Researchers who engaged with the Bureau of Sages said:
"This experience greatly helped us re-conceptualize our HA intervention and current recruitment strategies. By having to present our project to the Sages in a clear and concise way, we saw that some of the weaknesses of the project and how they can be addressed. In addition, the Sages had excellent feedback regarding recruitment opportunities and about what aspects of our proposed intervention would be helpful and not helpful to them."
“A new important aspect of quality of life in a nursing home that I caught a glimpse of was how much younger researchers do not understand about the feelings of nursing home residents. I asked them how they maintained a positive attitude and the response was that it was something necessary and also something that came with experience. Only time will truly reveal to an individual how they want to live. Being able to ask the residents questions myself was an extremely useful experience that gave me more respect for the data I have analyzed, because most of society does not understand the experiences older adults have.”
Margaret Danilovich, PT, DPT, PhD, GCS, Senior Director Leonard Schanfield Research Institute
"The advice and feedback from the Bureau of Sages is invaluable to researchers. This opportunity is unlike any other experience I have had as a researcher by allowing me to share my ideas with the patient population I will be working with to get feedback in the formative stage. For example, selecting outcomes for a research study is commonly driven by what clinicians or researchers view as important. My time with the Bureau positively influenced the selection of measurement outcomes for my research study. Bureau members identified important concepts to assess that I had not considered. Further, during our time together, Bureau members helped problem solve solutions to strengthening a weaker aspect of my grant proposal. In the dissemination plan, Bureau members identified specific strategies to share results with older adults, family members, patient advocacy groups, and policy makers."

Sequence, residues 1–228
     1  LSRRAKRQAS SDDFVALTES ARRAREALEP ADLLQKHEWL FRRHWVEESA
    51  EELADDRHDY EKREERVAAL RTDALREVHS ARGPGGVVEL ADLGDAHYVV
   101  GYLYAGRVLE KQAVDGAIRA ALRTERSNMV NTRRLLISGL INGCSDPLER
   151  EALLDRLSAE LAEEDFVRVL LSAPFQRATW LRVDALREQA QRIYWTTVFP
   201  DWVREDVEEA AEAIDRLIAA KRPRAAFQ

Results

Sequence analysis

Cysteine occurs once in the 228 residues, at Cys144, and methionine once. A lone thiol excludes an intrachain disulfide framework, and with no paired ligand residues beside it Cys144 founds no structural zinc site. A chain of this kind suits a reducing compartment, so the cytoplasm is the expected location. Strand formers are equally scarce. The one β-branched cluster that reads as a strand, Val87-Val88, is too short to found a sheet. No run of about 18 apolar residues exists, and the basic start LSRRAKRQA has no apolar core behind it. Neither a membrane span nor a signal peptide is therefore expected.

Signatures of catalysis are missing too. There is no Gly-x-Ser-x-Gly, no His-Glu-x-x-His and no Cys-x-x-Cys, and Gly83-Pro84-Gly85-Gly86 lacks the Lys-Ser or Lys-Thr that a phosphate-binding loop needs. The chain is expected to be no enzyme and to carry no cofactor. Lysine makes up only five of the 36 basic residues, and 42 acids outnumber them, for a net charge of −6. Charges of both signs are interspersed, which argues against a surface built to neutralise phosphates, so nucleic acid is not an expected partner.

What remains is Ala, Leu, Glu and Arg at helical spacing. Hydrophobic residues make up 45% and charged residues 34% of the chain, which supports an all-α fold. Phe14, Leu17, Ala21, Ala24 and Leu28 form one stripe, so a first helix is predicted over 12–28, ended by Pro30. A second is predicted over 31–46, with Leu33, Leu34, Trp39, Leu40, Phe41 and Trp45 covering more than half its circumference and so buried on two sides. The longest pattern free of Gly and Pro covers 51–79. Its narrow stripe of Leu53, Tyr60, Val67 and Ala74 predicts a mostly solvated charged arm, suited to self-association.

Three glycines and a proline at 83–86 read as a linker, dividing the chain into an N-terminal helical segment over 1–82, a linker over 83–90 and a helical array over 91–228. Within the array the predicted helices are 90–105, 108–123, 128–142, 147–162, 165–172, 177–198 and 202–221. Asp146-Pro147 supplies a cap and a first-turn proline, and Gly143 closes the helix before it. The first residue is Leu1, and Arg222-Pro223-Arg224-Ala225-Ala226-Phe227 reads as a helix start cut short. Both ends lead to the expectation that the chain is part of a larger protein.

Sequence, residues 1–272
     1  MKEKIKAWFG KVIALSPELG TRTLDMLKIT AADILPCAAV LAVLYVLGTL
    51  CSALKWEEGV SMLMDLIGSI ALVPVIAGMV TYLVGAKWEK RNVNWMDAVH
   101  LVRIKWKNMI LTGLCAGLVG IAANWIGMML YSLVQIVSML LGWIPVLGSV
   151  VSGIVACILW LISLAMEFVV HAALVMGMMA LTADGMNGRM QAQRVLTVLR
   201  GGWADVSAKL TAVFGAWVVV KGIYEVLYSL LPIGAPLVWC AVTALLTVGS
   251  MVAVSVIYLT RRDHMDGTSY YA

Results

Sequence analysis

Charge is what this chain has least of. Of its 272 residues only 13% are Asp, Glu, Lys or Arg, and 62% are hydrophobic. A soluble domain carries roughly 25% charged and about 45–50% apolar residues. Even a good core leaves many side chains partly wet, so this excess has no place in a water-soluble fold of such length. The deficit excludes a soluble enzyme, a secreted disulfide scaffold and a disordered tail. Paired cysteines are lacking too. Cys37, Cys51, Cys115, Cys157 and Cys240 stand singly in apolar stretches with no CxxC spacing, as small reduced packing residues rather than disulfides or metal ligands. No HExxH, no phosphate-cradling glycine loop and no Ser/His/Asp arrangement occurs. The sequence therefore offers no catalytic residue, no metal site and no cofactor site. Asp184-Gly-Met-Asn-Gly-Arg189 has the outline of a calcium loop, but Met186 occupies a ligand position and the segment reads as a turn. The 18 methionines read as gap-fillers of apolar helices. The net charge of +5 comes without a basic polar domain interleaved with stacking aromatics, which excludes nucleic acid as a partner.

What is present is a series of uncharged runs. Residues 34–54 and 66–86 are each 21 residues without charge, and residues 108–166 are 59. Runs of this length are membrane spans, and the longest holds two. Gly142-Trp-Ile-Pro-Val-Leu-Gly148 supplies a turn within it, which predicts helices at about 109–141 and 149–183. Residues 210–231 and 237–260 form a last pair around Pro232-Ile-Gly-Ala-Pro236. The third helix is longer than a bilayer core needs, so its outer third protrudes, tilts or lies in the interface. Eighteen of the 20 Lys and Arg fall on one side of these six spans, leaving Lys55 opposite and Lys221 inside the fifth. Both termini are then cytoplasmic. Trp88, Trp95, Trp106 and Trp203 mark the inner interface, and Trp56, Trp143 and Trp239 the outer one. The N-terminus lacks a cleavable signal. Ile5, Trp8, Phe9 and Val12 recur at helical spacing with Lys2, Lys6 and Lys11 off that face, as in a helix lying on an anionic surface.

Robyn Stone, PhD
Senior Vice President for Research and Executive Director
"The Bureau of Sages is probably one of the most important projects I’ve been a part of for the past few years. It really puts the nursing home resident and participants of the virtual senior center in the driver’s seat in terms of research, and really for too long these two groups have been dismissed in terms of thinking that they actually couldn’t have anything to say about the research process.
What’s wonderful about this program is it really makes them the Sages, they are the ones who actually tell us what is important about research, why we should do research, what questions we really should be asking, and as important, also gets them educated about the research process. I love it as a researcher, because for the first time I actually have insights from populations who have never been asked before and I think not only are they Sages, but this has also empowered them tremendously."
Hailee Gibbons, PhD candidate
University of Illinois at Chicago
“Presenting my dissertation proposal to the Bureau of Sages was an invaluable experience. My interest in dementia is grounded in my personal experiences volunteering in dementia units of nursing homes since I was 16 years old. However, as a young adult, I have yet to experience old age or care in an institution. After my presentation, the Bureau of Sages assured me that my project was significant and innovative. As a young researcher and emerging scholar, receiving feedback from the Bureau of Sages was encouraging and affirming, but also pushed me to examine my study more holistically and incorporate factors I had not previously considered.”
Amy Eisenstein, PhD
Former Director of the Leonard Schanfield Research Institute
Adjunct Assistant Professor, Department of Medical Social Sciences
Feinberg School of Medicine, Northwestern University
“The opportunity to work with and learn from the Sages has been one of the greatest benefits of my work here at CJE SeniorLife. As a researcher in the field of Aging, I feel it is imperative for me to receive input from older adults into the direction and design of the work that I do. After all, neither I nor any of my colleagues have experienced growing into our 80’s or 90’s, living in a nursing home, or having chronic limited mobility due to a medical condition. Without that experiential knowledge, we are limited in our ability to determine what should be our highest priority research topics, the methodologies that will be most effective and meaningful outcomes. The Sages have provided insights which have greatly benefited my work and have led to research being funded. I am confident that this effort will ultimately help provide dignity and quality of life to future generations of older adults.”